June 8, 2020
Being a small business, Onyx Nightclub knows how big companies have a history of oppressing small businesses and putting a heavy burden on low-income communities. For example, Amazon’s presence in Seattle caused rising housing costs and pushed out local mom-and-pop shops. But diversity builds economic vitality, uplifts communities, and promotes productivity and resilience. In celebration of Black Lives, we are sharing why everyone should support black-owned businesses and giving you our list of Black owned restaurants.
1. Closes the Racial Wealth Gap
We can trace the origins of today’s racial wealth gap to Jim Crow-era practices like redlining and job discrimination which segregated African Americans from higher paying jobs and homeowner ownership opportunities that ultimately prevented wealth building.
2. Strengthens Local Economies
When small businesses flourish, so do their communities. But banks often hinder that prosperity by discriminating against African American and other entrepreneurs of color seeking small business loans.
3. Fosters Job Creation
Many African American business owners fund their own businesses due to the lack of capital mentioned earlier. This means that most Black-owned businesses are sole proprietorships that don’t make enough money to pay employees. Since Black-owned small businesses are likely to hire from the local community, supporting them can foster the job opportunities people need to achieve financial stability.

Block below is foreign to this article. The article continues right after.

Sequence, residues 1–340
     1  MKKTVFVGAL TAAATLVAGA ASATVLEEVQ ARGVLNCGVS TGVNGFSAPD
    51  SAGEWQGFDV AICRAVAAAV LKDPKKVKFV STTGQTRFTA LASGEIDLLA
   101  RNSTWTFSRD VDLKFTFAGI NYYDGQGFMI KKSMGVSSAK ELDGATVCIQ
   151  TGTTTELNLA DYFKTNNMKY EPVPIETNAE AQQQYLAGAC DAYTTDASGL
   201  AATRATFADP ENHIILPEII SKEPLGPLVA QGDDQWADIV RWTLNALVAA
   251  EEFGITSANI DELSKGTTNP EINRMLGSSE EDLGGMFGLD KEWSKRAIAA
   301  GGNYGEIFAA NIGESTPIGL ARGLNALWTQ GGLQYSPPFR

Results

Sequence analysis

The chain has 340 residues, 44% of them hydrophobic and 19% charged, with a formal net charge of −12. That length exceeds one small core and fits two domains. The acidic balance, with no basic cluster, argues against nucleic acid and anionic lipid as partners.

4. Celebrates Black Culture and Serves Communities
Many Black entrepreneurs start businesses inspired by the richness of African American culture itself–Black-owned clothing stores, hair care and make-up products, and children’s toys are just a few examples. These kinds of business ventures uplift communities, fostering a sense of pride in the people that live there. When you support Black-owned businesses, you get products that are valuable for the unique character they bring. Plus, you avoid spending money at other companies that may not celebrate Black culture, which brings us to another point:
5. Holds other Companies Accountable
By now you’ve probably heard about Gucci’s highly offensive sweater design resembling blackface. While Gucci’s under fire now for all of the decision making that went into the design’s approval and eventual release, it’s not an isolated incident. Many large companies vocally support minorities and their diverse cultures but practice policies that keep systems of injustice intact.
When you choose a Black-owned or minoirty-owned business over problematic companies, you vote with your dollar by divesting from these kind of practices and hold companies accountable. And further down the road, you empower successful minority-owned businesses to implement equitable policies.
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